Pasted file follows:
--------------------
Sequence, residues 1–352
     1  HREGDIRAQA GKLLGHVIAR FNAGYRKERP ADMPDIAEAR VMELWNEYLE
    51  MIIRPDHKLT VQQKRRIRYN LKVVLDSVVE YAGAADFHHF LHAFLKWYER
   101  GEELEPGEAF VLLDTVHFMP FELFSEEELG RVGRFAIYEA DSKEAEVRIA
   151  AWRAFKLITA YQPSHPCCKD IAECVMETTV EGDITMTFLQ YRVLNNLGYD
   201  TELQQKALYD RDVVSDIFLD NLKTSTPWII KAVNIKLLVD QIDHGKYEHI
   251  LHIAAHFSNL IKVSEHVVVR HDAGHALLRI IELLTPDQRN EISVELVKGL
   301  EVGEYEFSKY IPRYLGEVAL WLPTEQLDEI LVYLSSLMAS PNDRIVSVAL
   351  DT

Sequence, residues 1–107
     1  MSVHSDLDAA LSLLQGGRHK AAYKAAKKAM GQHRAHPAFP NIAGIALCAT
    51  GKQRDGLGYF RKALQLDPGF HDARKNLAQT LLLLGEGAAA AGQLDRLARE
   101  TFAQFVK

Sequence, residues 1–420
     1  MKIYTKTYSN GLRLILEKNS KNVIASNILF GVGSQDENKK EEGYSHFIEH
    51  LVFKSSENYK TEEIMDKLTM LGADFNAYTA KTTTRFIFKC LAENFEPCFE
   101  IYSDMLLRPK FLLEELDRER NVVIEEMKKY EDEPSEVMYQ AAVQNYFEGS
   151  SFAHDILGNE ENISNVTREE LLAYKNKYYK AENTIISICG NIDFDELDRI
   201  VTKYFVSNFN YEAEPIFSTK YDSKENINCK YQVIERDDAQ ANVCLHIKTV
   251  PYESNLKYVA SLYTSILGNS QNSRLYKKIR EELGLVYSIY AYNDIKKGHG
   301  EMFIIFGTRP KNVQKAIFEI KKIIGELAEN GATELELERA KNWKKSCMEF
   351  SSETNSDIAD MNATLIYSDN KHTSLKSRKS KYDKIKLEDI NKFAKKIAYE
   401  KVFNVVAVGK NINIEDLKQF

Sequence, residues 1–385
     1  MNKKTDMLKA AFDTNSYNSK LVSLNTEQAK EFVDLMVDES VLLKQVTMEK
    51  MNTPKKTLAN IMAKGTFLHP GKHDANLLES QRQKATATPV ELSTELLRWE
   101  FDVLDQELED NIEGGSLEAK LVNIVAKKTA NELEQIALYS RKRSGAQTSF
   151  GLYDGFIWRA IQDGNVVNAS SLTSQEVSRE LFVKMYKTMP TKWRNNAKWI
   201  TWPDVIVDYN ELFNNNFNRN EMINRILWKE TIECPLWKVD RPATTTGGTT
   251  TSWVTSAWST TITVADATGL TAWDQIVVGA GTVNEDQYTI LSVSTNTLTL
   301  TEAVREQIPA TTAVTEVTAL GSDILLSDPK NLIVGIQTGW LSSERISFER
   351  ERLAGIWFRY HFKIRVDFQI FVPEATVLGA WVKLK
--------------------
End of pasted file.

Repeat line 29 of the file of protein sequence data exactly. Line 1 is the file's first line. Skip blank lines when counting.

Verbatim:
   201  TWPDVIVDYN ELFNNNFNRN EMINRILWKE TIECPLWKVD RPATTTGGTT